These stunning images reveal the inside of the secret Soviet-era flying machine which is set to become a tourist attraction in Dagestan, southern Russia.
The Lun-class ekranoplan, dubbed the 'Caspian Sea Monster', was discovered by the USA during the Cold War and dragged onto the beach in Derbent in July 2020.
The colossal piece of machinery is 301-feet and 10-inches long, with a wingspan of 123 feet, and weighs an estimated 380,000kg.
Images of the monster's interior reveal complex-looking switch boards, controls, and screens, which have seen better days.
The Lun-class ekranoplan, was an experimental ground effect vehicle which was developed by the Soviet Union in the 1960s.
It is classified as a ship by the International Maritime Organisation, but actually forms a distinct technological group.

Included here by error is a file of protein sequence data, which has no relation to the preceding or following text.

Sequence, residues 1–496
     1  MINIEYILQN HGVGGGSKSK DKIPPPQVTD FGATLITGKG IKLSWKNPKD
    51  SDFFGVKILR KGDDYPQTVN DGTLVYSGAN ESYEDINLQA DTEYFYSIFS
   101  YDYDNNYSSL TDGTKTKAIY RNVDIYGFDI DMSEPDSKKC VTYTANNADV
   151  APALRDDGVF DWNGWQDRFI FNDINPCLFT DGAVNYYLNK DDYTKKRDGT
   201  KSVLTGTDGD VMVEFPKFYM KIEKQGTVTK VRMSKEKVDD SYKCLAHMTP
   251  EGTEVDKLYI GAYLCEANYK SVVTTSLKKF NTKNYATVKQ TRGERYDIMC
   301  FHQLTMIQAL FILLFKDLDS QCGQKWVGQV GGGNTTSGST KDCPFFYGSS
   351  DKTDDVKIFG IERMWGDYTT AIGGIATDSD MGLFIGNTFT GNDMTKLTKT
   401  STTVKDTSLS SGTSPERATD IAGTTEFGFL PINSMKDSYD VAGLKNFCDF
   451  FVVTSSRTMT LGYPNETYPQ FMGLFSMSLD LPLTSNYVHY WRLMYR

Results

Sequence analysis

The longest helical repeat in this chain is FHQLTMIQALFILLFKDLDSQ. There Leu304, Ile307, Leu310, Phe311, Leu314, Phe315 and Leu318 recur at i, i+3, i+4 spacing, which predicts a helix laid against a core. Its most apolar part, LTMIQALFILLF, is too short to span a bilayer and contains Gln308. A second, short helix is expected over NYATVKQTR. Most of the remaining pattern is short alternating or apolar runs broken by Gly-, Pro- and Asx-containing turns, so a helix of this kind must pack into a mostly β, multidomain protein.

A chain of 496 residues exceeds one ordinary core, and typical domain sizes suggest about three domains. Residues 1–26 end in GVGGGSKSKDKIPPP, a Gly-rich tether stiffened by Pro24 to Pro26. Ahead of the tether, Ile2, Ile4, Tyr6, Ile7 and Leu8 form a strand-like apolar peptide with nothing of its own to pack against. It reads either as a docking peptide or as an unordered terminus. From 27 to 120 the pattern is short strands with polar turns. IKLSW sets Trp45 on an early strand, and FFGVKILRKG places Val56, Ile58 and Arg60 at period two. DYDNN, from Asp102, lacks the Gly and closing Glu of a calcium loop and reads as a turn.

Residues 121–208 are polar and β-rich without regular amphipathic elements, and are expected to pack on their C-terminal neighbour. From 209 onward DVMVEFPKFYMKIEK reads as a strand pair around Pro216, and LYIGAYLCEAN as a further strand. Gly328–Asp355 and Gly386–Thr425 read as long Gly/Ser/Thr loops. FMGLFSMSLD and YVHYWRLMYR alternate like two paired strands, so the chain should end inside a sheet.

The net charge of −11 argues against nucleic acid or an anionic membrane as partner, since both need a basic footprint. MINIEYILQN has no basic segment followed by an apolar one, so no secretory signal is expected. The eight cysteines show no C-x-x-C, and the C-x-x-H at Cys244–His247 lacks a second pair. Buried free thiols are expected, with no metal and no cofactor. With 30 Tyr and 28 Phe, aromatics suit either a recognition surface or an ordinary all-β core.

The craft hovers between one and five metres above the surface of the water using the aerodynamic principle of 'ground effect'.
The vessel is able to move over water without touching it by gaining support from the reactions of the air against the surface of the water.
The machine began operating in the landlocked sea between Iran and the Soviet Union in 1966, earning its nickname as the 'Caspian Sea Monster'.
It was tested by the Soviet Navy until 1987, when it came into formal service.
Another version of the craft, mean to be an unarmed ammunition resupply ship, was under construction and nearly finished in the early 1990s.
However, the whole programme was then axed and the existing Lun-class ekranoplan withdrawn from service.